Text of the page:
New study links hay fever with asthma in children. See details here

A new study of schoolchildren conducted by researchers at the University of Rochester Medical Center reports that the majority of children with asthma also report having allergic rhinitis, commonly known as hay fever. Notably, symptoms of hay fever include runny nose, sneezing, congestion and sinus pressure and it can worsen asthma. The study’s findings were published in the Journal of Asthma.

Research conducted by Jessica Stern, MD, an assistant professor in the Department of Pediatrics and the Department of Pediatric Allergy and Immunology, found that children with asthma and hay fever had poor asthma outcomes. than.

Interestingly, this study looked at data from three NIH-funded trials, led by Jill Halterman, MD, professor in the department of pediatrics, on 1,029 children with asthma at Rochester. Based on ANI Reportedly, the primary goal of the trials was to assess whether giving children asthma medication at school would improve their asthma symptoms. While most children participating in these trials improved their asthma symptoms when they were given the medication, a small group of children did not, and this led researchers to consider other concerns. health problems may prevent children from having an adequate treatment response, the report said.

What research reveals about symptoms:

According to Dr. Jessica Stern, “through our research, we have found that many children who do not report improved symptoms also have allergic rhinitis in addition to asthma, and these children have many asthma, use emergency medicine more, and miss more. School days compared with children without allergic rhinitis. “Remarkably, less than half of children with hay fever receive appropriate treatment for their symptoms, including nasal sprays and recommended antihistamines; nor are they given by asthma specialists. or allergies to the doctor.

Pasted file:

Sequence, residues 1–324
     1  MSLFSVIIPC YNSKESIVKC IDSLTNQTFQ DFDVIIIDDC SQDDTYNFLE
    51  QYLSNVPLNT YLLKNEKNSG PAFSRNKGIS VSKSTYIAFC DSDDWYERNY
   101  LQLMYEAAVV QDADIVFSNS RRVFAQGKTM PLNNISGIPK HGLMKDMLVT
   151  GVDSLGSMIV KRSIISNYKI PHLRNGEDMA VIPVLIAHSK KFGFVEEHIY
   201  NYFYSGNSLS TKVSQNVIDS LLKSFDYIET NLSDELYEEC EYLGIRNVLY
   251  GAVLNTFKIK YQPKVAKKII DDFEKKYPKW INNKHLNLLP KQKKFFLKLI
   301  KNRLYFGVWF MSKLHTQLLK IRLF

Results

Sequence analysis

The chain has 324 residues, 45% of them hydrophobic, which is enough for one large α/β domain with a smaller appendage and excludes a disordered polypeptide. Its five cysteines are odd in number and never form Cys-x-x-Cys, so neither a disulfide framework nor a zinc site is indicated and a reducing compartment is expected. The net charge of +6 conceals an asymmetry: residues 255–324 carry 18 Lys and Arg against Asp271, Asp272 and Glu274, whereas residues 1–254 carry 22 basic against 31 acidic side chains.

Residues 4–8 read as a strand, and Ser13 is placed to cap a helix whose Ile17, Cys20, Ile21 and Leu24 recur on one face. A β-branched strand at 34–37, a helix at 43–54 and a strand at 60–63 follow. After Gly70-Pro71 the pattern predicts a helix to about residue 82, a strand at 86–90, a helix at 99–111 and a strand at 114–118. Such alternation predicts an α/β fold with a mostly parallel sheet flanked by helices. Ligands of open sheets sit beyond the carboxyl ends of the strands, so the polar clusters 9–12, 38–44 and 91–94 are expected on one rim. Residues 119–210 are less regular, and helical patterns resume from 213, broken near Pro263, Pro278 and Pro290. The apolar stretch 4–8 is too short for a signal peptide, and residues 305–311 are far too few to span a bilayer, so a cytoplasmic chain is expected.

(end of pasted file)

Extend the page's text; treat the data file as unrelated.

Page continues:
Stern further emphasizes that “this is important because it highlights gaps in care and needed treatments that may contribute to the disparities in asthma outcomes we see in children who primarily identify as Black or Latino, or from low-resource communities”.

Noting that, “these findings also encourage a focus on contributing environmental and social determinants of health to these children. The burden of allergic disease is often underrecognized and undertreated in historically marginalized populations, and we have the opportunity and obligation to address this to improve outcomes. “

“We are working to create a holistic, multidisciplinary approach that overcomes structural obstacles to equitable care for children with asthma,” said Dr. Stern. This will involve working with caregivers and patients to plan a system of care that is right for them. We understand that families are experts and we have to listen to what they think. ”

(With input from ANI)

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